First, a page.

And Other Stories
"In Thomas Glave's debut collection, collage supplants plot, point of view is a kaleidoscope, reality and fantasy blur and the prose is so intricately layered as to be at times somewhat cryptic. Glave's disruption of form is a powerful metaphor for the sexual, racial and geopolitical disjunctions the stories in Whose Song? explore...[t]hese stories are never about anything but the most serious matters of existence... Glave is a gifted stylist...blessed with ambition, his own voice and an impressive willingness to dissect how individuals actually think and behave."
The New York Times Book Review
"Thomas Glave has the strong talent and courage to take up the right to enter the inner selves of both black and white characters in his stories. This is a creative claim beyond 'authenticity' determined by skin color. He also has that essential writer's ear for the way different people speak within their cultures, and what their idiom gives away of their inhibitions and affirmations."
"What a writer! What a book! Glave is a brilliant writer of startlingly fresh prose, a writer who keeps you in a constant presence of experience, as if you were moving around in a clear dream. His stories are intricate tapestries of life rendered through a triumphant act of the imagination."
"In this collection of short stories Thomas Glave walks the path of such greats in American literature as Richard Wright and James Baldwin while forging new ground of his own. His voice is strong and his technique dazzling as he cuts to the bone of what it means to be black in America, white in America, gay in America, and human in the world at large. These stories span the globe of the human experience and the human heart. They are brutal in some places, tender in others, but always honestly told. A true talent of the twenty-first century."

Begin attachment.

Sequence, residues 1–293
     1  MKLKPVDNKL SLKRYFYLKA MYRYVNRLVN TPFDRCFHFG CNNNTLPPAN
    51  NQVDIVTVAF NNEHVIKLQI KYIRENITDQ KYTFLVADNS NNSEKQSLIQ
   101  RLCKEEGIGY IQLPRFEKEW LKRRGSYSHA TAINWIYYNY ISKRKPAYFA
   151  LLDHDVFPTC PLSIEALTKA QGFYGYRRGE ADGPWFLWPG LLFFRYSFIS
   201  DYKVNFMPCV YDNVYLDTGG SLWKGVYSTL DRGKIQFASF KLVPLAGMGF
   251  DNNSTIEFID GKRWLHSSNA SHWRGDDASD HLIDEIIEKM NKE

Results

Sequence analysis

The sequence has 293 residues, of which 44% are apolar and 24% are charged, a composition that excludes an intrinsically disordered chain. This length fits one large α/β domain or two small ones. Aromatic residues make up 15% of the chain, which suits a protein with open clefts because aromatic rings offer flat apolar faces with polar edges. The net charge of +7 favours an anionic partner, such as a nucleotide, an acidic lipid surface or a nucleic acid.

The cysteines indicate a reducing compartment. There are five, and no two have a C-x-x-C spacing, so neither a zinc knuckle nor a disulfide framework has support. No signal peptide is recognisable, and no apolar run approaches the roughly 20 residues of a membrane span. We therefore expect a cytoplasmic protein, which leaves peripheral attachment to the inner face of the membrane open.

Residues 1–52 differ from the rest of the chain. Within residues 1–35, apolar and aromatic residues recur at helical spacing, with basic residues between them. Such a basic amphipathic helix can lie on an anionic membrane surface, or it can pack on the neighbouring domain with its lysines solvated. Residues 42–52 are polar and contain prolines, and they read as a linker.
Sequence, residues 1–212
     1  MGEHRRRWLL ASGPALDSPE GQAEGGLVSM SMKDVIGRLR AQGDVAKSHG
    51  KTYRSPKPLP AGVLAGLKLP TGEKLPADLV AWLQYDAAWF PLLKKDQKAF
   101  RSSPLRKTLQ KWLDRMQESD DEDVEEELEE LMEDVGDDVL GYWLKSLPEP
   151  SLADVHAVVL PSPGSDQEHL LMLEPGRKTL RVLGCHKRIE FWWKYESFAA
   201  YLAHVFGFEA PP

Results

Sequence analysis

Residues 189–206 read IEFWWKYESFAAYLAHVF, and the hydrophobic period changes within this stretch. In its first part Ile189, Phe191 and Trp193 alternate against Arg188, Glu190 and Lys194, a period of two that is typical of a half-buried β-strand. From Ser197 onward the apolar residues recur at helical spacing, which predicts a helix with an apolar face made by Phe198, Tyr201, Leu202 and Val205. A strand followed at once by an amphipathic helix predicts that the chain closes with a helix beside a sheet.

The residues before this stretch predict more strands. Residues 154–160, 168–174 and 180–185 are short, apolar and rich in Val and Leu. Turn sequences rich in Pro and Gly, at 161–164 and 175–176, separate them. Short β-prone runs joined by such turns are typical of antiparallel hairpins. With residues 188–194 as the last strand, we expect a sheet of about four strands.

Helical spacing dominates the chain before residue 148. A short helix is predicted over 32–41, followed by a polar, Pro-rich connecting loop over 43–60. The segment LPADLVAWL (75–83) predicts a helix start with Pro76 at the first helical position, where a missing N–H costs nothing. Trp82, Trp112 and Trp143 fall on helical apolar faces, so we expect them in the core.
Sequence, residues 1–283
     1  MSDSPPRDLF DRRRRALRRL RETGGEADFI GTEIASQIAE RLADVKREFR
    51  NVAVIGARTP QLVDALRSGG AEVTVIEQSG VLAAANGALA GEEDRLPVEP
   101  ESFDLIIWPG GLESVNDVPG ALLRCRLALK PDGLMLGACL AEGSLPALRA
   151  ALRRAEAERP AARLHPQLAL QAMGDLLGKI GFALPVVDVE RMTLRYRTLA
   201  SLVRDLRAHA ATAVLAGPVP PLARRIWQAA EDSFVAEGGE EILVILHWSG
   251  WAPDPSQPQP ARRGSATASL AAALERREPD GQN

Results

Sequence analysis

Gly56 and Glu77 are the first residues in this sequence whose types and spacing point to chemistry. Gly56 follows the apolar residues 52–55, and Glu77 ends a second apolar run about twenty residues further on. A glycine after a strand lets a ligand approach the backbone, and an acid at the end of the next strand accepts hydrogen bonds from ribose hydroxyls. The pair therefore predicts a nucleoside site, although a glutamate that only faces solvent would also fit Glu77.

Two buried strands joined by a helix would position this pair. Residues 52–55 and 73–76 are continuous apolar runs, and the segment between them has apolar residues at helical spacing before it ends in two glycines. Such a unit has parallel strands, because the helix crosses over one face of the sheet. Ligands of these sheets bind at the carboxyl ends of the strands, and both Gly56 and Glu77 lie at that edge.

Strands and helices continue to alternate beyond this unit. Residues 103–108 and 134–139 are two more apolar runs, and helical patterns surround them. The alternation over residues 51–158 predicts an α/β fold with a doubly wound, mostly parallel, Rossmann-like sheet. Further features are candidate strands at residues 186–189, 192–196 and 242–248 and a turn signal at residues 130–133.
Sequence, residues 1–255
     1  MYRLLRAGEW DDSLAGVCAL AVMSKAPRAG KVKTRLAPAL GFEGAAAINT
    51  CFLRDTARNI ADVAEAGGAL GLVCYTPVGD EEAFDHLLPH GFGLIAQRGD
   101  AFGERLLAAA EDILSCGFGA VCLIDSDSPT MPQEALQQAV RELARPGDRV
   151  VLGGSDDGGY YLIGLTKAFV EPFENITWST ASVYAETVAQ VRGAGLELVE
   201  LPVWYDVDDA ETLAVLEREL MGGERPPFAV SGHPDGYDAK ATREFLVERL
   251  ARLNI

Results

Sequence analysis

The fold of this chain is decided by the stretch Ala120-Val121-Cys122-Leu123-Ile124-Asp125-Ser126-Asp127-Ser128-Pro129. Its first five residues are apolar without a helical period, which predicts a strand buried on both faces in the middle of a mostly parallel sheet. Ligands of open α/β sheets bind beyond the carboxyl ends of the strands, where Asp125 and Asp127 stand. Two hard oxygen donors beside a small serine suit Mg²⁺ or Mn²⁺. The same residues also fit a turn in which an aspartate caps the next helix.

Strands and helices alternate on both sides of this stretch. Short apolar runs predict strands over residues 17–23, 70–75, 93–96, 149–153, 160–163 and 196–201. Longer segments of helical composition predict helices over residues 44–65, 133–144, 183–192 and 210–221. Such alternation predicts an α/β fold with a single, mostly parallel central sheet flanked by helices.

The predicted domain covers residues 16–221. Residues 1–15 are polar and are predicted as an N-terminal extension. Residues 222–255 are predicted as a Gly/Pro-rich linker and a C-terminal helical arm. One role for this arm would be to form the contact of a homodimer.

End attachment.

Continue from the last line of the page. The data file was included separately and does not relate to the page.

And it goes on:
"Remarkable stories by a gifted writer who explores, in prose and rhythms of imaginative moment, the stresses, the split-minds, the implicit grandeurs, the subtleties, the terrors, of emotional desire and obsession: one is drawn compulsively into character and event."
"A fiercely imagined debut--intensely lyric, driven by the desire in the face of everything for truth, justice, beauty."
Jun 10, 2008
"Baldwin wrote his six novels, three plays and numerous essays directly out of his personal experience as a black, gay man in America. His fiery essays are masterpieces in the black protest tradition. In the figures of Rufus Scott (Another Country) and Leo Proudhammer (Tell Me How Long the Train's Been Gone) Baldwin created fragile characters shouldering the weight of what he saw as a cruel and oppressive world. Although hailed as a black protest writer, he defied expectation when he wrote Giovanni's Room, a brutally honest tale of homosexuality and self-loathing. It was rejected by his American publisher and only appeared when English publisher Michael Joseph agreed to issue it.
Now read on:
Toni Morrison's Sula and The Bluest Eye; Thomas Glave's Whose Song?"